he wants to stick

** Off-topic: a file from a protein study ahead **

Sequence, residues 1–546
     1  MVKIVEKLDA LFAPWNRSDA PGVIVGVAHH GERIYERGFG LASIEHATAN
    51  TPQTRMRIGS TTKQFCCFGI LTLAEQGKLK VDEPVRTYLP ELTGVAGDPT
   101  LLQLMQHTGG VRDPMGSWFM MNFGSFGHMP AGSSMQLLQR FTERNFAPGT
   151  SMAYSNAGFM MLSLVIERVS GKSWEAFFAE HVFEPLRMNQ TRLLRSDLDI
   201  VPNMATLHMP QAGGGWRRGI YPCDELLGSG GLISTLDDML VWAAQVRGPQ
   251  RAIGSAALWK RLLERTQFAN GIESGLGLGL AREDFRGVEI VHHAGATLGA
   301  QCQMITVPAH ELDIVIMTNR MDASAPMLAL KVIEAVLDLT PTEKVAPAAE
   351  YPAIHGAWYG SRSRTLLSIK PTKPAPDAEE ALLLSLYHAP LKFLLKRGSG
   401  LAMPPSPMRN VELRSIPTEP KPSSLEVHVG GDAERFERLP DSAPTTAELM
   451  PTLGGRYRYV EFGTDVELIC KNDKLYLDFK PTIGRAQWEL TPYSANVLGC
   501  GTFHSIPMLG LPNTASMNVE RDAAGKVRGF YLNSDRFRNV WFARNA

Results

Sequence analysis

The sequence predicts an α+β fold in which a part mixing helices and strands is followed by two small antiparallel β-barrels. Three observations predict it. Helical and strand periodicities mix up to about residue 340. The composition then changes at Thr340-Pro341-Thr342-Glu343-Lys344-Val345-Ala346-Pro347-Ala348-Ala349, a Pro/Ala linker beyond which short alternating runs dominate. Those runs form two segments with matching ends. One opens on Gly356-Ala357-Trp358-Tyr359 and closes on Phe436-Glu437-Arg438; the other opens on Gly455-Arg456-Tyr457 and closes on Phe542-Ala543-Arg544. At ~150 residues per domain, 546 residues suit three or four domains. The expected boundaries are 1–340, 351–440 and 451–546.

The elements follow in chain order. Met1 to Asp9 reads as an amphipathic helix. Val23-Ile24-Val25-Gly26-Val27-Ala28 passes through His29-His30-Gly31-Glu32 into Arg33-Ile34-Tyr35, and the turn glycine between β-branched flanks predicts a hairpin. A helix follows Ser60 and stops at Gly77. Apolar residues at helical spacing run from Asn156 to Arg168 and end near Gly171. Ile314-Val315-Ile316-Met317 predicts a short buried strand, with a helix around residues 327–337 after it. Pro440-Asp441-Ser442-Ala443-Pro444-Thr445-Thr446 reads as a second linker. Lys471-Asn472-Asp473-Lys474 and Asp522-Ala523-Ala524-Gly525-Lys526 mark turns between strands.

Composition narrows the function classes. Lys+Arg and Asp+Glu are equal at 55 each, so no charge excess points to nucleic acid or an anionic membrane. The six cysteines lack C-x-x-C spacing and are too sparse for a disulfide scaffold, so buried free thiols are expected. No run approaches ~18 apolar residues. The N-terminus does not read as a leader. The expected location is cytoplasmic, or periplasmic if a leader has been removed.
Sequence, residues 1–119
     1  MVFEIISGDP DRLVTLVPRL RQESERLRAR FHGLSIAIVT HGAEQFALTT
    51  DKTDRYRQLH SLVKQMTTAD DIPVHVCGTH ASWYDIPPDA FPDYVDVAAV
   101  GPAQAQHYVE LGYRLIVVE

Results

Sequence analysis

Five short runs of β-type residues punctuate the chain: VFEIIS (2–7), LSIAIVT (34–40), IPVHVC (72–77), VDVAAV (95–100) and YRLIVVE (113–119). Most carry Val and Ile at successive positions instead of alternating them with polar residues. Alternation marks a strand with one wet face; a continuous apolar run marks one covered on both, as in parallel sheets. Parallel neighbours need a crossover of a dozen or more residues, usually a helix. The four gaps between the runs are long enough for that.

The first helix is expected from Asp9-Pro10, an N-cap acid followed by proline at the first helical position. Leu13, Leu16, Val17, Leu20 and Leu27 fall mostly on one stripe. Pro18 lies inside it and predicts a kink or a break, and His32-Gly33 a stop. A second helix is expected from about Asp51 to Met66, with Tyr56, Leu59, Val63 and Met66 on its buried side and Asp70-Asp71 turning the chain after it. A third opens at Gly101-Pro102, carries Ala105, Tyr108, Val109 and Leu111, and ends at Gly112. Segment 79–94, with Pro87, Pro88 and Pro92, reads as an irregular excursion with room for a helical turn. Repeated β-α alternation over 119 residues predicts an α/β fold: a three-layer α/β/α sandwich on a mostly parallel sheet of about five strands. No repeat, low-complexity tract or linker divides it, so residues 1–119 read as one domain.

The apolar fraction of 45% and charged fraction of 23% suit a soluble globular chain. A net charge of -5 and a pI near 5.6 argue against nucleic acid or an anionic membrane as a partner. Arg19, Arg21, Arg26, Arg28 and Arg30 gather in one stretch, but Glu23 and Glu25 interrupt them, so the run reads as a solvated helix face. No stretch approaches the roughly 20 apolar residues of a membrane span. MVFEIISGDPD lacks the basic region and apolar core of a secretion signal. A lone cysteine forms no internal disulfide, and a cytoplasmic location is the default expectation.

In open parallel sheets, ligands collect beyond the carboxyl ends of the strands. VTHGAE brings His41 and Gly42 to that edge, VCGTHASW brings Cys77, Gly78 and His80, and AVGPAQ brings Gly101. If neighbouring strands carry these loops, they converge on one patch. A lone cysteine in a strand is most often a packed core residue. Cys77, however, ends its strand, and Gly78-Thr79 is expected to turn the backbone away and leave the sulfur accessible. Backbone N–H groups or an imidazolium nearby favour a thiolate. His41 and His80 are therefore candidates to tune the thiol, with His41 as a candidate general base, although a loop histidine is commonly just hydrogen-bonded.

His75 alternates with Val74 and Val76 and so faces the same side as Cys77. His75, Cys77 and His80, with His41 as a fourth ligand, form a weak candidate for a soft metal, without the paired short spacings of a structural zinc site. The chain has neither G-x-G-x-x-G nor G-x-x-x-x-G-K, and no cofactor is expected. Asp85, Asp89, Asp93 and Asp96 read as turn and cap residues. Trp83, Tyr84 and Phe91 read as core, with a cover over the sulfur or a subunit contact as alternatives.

int Depse MUT 18 Coins he wants to stick with his 'luck nuber' 8 for the World Cup. (on Brut )SAN FRANCISCO What if the U.S. naed a World Cup tea and none of the star pla ers wanted to wear the faous No. 10 jerse ?That’s the strange tuation the U.S. finds itself in ahead of Tuesda ’s pre-World Cup friendl here against Azerbaijan (10 p.. ET, ESPN2, Univion Deportes). The U.S. has to issue unifor nubers fro 1 to 23 for the World Cup, so one pla er on the 23-an roster has to take No. 10. That nuber was worn b Landon Donovan at the last World Cup, and now Donovan has surpringl been cut fro the U.S. squad. et here’s the thing Not one of the U.S.’s 23 World Cup pla ers wears No. 10 at club level, and starting Tuesda soeone will have to don the digits representing an honor—and, potentiall , a burden.After all, the No. 10 shirt historicall carries the ost eaning of an nuber in soccer. Pelé wore it. Diego aradona wore it. Zinédine Zidane, ichel Platini and Ronaldinho wore it. Lionel es and Wa ne Roone wear it toda .Traditionall , the “No. 10 role” has usuall eant ou were the pla aker, the hub in the central idfield, the attacking fulcru around which a tea’s offense was generated. In recent ears, the No. 10 role has dispated in the sport—Argentina’s Juan Roán Riquele a have been the last true great one—and the nuber has often coe to represent a tea’s ost dangerous attacking threat.But with the decline of the “No. 10 role,” the jerse nuber No. 10 has also started seeing harder ties. The reigning Ballon d’Or winner, Cristiano Ronaldo, wears No. 7. At the last World Cup, there were uninspiring No. 10s such as France’s dne Govou, Nigeria’s Brown Ide e and Paragua ’s Edgar Benítez.


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